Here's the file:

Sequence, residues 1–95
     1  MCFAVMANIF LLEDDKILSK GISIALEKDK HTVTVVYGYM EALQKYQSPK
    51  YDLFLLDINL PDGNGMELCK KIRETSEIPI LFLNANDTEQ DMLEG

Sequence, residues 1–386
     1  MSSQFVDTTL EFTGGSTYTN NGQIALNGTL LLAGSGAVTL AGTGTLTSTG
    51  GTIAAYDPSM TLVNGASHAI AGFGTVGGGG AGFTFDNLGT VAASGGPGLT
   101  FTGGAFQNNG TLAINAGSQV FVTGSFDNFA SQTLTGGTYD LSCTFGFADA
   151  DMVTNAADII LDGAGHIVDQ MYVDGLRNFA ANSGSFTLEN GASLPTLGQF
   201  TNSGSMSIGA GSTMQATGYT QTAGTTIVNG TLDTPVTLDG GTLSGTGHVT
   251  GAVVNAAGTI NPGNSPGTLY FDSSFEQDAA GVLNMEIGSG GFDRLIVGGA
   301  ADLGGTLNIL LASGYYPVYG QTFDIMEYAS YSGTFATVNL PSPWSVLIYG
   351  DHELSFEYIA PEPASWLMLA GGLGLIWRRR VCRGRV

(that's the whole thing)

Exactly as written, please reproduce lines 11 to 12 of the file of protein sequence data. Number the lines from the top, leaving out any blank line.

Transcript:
   301  ADLGGTLNIL LASGYYPVYG QTFDIMEYAS YSGTFATVNL PSPWSVLIYG
   351  DHELSFEYIA PEPASWLMLA GGLGLIWRRR VCRGRV